Burrows and bedding : site taphonomy and spatial archeaology at Tortoise cave

Master Thesis


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University of Cape Town

Excavations at the Late Stone Age site of Tortoise Cave, a shell midden accumulation in the Western Cape, South Africa, were carried out from 1978 to 1983. The author supervised this project from 1981 onwards with the aim of expanding the cultural sample and defining more clearly the stratigraphic sequence, at the same time, to increase the objectivity of the written record, some improvements to the normal recording techniques were tested. These included the use of context sheets and a stratigraphic matrix. Methods often used elsewhere but very common in South Africa, It was felt that archaeologists had been ignoring the vital difference between stratigraphy that is observed and excavated and the actual sequence and circumstances of deposition. For this latter, the term 'Site Taphonomy' has been coined, to end the confusion that has existed concerning the meaning and correct application of the words 'Stratigraphy' and 'Stratification'. These terms should now be restricted to refer to the archaeological constructs alone, The amount of disturbance at the site led to an investigation of the processes and effects of disturbance, the implications of which are outlined here, It is thought that Tortoise Cave is not an isolated case and that considerable artefact displacement may be a common feature of local sites. Despite this, an attempt was made to find and use appropriate statistical methods of spatial analysis, It was found that some positive results, if somewhat generalised, could be obtained. The major theme of the thesis is, however, neither a description of the finds and findings from the site not simply a spatial analysis of the deposits and their contents. It attempts instead to illustrate how the understanding of the central concept of site taphonomy is essential to every aspect of the interpretation of a site and the assessment of the results.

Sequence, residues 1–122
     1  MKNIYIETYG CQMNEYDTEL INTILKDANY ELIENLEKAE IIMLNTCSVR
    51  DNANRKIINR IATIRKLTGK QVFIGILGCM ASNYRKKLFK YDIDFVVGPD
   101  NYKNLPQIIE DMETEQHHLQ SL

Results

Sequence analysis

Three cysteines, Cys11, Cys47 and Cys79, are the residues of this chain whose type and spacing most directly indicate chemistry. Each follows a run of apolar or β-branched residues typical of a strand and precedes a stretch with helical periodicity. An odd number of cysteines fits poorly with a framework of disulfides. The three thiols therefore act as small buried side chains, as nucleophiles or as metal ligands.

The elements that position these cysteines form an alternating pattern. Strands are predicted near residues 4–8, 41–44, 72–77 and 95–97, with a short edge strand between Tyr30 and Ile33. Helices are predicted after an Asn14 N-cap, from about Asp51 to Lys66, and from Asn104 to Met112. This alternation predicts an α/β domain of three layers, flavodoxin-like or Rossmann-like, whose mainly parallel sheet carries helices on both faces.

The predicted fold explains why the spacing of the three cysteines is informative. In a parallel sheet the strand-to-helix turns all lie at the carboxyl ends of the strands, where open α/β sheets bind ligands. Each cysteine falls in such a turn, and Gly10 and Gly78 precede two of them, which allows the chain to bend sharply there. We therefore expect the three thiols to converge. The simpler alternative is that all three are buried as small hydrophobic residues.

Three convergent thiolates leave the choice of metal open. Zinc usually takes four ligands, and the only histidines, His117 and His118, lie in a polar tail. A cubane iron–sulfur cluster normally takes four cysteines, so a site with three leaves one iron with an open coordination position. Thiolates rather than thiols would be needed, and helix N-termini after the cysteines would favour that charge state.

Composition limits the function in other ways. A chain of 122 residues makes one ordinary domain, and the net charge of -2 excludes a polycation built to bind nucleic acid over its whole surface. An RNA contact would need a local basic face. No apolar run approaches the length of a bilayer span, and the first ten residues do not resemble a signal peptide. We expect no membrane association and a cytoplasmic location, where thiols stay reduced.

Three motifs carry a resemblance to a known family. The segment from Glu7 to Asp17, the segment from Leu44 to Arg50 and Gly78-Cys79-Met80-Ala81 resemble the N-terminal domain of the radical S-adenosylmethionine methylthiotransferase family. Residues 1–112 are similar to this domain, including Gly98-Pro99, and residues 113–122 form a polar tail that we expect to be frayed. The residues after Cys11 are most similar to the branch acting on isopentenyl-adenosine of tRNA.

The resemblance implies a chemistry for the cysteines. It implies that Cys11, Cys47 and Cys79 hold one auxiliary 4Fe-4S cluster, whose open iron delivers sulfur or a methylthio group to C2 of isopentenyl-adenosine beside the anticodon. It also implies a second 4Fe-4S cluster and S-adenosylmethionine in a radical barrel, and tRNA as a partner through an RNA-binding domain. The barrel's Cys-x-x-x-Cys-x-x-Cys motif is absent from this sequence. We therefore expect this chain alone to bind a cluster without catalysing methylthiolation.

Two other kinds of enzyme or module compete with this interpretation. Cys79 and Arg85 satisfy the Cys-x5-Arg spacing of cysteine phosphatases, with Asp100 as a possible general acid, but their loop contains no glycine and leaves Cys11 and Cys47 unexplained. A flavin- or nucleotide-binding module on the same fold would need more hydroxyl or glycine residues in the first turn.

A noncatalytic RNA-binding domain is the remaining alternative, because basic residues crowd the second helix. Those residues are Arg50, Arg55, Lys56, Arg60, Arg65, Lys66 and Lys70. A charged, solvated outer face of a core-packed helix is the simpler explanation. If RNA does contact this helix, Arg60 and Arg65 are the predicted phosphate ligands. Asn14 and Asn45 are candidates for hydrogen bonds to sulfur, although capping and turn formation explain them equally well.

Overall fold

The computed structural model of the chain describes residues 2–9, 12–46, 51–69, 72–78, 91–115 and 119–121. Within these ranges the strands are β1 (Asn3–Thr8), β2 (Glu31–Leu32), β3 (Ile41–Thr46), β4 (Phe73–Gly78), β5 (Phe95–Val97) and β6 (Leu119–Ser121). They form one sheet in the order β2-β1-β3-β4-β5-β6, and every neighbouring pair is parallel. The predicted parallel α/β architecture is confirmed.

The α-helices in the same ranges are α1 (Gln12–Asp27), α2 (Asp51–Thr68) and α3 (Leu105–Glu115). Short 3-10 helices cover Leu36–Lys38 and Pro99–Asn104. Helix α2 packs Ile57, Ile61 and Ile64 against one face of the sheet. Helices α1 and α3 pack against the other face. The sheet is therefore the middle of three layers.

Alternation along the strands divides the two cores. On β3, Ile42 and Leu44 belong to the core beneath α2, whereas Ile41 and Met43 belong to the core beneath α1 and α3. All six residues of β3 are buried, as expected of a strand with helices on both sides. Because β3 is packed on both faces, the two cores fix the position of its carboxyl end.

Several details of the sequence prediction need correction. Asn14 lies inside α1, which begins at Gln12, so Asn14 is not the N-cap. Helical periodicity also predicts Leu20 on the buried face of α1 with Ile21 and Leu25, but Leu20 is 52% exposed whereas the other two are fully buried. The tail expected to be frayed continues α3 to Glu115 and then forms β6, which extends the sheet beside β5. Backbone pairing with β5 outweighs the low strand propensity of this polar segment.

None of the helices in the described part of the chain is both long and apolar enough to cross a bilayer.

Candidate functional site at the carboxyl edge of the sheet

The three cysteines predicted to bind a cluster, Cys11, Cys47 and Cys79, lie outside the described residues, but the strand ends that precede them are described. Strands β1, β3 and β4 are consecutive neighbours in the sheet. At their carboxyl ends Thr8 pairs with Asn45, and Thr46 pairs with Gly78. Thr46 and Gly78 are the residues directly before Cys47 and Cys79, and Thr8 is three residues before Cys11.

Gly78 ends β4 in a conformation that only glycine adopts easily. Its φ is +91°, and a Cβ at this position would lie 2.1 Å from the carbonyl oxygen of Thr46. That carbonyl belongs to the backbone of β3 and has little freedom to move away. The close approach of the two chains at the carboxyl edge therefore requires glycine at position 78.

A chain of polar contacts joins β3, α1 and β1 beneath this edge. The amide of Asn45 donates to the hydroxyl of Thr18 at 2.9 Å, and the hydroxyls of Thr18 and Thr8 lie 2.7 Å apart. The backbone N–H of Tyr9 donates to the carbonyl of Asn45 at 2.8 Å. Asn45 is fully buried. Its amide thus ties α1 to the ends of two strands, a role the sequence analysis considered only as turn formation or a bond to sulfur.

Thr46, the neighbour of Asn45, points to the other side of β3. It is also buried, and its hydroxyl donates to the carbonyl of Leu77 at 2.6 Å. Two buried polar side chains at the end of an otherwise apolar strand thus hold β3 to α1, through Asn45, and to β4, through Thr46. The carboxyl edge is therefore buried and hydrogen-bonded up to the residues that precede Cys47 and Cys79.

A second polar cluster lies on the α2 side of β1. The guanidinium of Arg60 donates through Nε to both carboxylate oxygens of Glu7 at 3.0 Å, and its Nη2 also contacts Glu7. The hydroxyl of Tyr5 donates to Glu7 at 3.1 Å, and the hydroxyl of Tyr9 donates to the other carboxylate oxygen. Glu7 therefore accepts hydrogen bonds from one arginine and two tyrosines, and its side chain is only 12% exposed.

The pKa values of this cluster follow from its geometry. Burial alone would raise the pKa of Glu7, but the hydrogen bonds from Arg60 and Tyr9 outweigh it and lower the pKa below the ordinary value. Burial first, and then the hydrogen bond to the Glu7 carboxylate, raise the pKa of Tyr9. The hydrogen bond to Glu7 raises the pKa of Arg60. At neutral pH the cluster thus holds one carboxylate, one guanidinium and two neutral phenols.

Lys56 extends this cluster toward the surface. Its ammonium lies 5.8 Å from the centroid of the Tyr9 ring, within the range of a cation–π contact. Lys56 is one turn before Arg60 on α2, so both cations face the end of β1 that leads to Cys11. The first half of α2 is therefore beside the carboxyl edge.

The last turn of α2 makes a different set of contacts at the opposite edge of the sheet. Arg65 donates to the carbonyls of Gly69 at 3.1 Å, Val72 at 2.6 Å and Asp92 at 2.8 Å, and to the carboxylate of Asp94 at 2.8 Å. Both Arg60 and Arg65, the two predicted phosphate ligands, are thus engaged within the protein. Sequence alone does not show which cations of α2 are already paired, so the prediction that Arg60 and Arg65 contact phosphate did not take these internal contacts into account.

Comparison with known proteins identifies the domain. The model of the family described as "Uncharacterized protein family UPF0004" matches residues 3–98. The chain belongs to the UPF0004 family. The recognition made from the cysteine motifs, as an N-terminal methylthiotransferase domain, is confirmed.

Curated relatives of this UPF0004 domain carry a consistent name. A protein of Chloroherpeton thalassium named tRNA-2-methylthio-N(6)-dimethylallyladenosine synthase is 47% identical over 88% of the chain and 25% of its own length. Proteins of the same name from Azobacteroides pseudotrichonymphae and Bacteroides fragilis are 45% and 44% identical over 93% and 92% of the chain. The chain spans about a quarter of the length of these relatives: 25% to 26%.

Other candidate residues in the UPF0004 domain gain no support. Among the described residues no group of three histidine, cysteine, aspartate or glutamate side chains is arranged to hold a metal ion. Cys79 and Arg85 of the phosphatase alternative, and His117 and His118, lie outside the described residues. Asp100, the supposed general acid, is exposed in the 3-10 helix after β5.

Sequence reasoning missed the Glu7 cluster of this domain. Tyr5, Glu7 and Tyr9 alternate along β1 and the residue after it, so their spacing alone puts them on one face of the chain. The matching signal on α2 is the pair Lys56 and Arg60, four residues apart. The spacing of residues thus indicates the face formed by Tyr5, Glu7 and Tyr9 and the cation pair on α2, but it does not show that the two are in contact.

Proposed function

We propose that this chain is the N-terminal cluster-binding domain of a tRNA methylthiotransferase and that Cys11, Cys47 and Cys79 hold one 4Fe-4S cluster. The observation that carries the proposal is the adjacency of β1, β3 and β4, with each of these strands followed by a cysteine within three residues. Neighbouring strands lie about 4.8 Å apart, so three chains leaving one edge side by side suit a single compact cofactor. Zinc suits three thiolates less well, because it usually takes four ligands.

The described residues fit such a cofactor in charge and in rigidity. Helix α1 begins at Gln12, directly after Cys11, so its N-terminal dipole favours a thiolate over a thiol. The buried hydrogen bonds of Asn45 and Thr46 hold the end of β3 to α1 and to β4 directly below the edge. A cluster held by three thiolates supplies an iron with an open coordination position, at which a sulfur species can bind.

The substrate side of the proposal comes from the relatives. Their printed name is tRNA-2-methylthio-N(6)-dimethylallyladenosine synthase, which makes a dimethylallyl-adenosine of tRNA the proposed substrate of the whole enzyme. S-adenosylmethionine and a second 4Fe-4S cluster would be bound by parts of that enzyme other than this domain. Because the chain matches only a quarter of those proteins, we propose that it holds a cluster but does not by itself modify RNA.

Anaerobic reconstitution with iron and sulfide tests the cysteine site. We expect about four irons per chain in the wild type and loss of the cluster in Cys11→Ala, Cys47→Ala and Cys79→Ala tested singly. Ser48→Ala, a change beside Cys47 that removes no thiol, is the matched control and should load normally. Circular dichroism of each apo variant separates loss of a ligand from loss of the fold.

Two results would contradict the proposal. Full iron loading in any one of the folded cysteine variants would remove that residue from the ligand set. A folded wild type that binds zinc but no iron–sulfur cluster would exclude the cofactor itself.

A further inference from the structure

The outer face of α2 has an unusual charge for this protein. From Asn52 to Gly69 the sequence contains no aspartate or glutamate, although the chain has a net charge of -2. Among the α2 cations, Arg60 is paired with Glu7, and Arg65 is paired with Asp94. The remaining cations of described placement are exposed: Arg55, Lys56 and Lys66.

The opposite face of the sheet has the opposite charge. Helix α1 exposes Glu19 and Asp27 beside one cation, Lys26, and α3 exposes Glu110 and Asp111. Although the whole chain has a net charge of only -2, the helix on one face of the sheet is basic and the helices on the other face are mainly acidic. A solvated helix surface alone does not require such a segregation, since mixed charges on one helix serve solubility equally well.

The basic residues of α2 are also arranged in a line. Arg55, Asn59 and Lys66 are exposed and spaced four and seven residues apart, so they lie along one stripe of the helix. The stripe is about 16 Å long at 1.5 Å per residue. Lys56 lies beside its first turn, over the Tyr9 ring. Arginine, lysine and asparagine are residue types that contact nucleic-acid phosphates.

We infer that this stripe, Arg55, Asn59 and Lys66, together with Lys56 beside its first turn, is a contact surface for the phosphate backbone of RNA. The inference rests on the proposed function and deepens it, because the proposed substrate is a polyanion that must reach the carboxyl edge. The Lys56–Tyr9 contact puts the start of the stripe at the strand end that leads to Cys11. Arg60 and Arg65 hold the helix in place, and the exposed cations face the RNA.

Bibliography: pages 76-80.